MarketingFilter: So. . . I made a tacky (yet delightfully unrefined) t-shirt. How do I best sell it online? [Long jump]
A couple months back, I was looking to start up my own t-shirt company, along the lines of established companies UNDRCRWN
and Pennant Race
-- that is to say, a company with heavy sports influence with a sprinkling of pop culture and a dose of societal commentary. Maybe even a No Mas
, but less for hipsters and yuppies and more for hip hop heads and anti-establishment people.
So I came up with a name -- ftw. clothing, with ftw being adapted from gaming-talk as for the win, but with the added connotation of f-ck the world. Our poster boy was going to be Rod "He Hate Me" Smart, a one-time kick returner for the Panthers (and other lesser stints).
My flagship shirt? In the spirit of old NBA
playoff shirts featuring starting fives, I would have a simple black-on-white colorway and a starting five. But my starting five wasn't going to be a basketball team -- it was going to be related to crack. (Here's where the collective "eep!" comes in.)
Now, you might ask, but why? That's horribly tacky, maybe even not delightfully unrefined, and probably very offensive. And yes, I acknowledge that. It's kind of the point. I wanted a "statement" shirt, one that would make people think -- because really, for middle and upper America, and especially in my home of Hawai'i, crack is something that people think of in abstractions, and ghetto is a term applied to anything sketchy, when really, some of the worst ghettos are terrible things. I wanted a shirt that would put this reality in peoples' faces. In a way, it was like the infamous "Snowman" shirts popular earlier in the decade.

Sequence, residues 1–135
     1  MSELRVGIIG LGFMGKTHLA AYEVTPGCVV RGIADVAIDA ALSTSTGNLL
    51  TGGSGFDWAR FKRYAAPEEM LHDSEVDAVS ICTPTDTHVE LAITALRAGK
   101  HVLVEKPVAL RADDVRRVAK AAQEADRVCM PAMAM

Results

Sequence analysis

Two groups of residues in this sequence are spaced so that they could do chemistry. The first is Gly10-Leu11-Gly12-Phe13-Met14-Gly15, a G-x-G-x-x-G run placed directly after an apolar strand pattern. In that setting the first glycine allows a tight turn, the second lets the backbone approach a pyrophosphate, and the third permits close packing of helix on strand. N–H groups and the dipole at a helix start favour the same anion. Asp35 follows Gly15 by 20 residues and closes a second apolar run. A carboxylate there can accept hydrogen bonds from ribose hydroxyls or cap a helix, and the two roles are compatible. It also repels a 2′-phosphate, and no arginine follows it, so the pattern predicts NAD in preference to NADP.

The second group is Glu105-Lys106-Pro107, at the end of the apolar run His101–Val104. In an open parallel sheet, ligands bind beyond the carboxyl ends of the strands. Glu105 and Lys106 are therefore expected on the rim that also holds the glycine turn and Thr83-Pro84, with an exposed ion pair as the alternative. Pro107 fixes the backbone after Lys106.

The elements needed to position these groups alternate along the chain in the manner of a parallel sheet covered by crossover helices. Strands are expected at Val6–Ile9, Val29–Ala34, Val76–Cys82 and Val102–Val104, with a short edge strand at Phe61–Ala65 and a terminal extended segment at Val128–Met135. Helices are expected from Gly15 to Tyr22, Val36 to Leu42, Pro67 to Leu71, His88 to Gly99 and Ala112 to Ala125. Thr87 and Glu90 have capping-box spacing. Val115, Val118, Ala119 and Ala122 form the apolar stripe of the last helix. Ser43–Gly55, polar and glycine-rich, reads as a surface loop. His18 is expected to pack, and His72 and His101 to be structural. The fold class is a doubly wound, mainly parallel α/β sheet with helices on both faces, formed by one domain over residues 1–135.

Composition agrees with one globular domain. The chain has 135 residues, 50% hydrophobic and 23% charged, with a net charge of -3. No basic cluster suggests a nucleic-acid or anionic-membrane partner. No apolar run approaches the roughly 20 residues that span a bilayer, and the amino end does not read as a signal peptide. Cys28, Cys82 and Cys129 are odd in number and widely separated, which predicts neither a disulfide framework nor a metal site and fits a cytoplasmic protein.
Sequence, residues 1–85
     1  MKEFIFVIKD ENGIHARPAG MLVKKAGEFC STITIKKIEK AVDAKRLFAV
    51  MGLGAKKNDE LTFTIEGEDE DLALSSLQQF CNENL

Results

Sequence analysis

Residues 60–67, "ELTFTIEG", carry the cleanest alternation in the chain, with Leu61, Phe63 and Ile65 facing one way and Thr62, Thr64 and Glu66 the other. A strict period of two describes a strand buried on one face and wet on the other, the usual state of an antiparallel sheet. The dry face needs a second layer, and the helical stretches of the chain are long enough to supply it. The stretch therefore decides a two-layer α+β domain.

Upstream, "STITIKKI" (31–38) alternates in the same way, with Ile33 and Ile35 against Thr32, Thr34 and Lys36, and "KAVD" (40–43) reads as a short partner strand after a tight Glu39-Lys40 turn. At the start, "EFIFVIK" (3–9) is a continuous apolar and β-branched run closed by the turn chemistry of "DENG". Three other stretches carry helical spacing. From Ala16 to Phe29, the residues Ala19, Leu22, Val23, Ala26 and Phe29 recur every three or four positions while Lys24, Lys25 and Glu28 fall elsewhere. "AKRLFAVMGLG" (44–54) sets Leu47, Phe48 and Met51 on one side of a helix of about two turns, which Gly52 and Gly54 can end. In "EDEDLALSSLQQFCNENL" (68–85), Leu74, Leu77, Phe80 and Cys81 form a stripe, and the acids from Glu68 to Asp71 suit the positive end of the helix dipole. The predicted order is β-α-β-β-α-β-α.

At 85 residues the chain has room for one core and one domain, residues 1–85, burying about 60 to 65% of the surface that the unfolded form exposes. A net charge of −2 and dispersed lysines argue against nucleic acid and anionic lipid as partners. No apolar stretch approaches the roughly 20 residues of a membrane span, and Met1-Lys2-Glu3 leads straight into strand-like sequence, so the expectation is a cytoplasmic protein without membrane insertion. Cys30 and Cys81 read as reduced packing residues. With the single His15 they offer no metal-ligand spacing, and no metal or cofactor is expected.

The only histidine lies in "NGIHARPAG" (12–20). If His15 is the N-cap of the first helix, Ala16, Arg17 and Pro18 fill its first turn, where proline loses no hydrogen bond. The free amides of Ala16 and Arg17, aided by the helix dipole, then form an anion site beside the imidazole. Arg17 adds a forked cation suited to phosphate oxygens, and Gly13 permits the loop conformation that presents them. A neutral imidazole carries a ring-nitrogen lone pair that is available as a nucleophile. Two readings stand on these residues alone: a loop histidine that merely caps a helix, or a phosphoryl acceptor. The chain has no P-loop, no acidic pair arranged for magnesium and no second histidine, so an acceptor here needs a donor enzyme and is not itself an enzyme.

The shirts read:
The Arm &
The Hammer &
The Spot &
I printed them hoping that I'd be able to sell them (via consignment or whatever) in one of the newer less-established boutiques in Honolulu. I approached the one that I thought would give me the best chance, and the manager was totally cool with me -- but because of limited space, he couldn't run the shirt on the store's shelves. But if I showed him a season's lineup of designs, he'd be willing to put me in touch with his industry contacts and maybe I'd get something serious rolling.
After tinkering around and coming up with some designs (some were even pretty good) I realized that I didn't have enough to make a season's worth, probably because it was never my intention to make this my entire career. The manager understood, and encouraged me to give it some more thought and maybe talk to him in the future if I wanted to give it another run.
But now, I have 13 shirts left (I printed 15, thinking that I would get them on shelves, no problem) and I don't really know how to market them online.
They're not made with enough love for etsy, I can't get into supermarket, and I think that on other lesser sites, they'd sell... but probably over an extended period. eBay is a possible strategy, but I'm unsure about how to market them/title them and if they'll sell (and auction fees are preferably avoidable).
So... how do I move these shirts, preferably quickly, preferably digitally? (But any kind of movement is fine!)
(PS. For those of you who sometimes like to dig in OP's past records for dirt/help/what have you, yes, I acknowledged I set off a real sh!tstorm [that I'm just now reading, hey!] with my very first AskMeFi. The lesson, as always: sometimes I'm a real idiot. Sorry if you remember it, and doubly so for the ignorance.)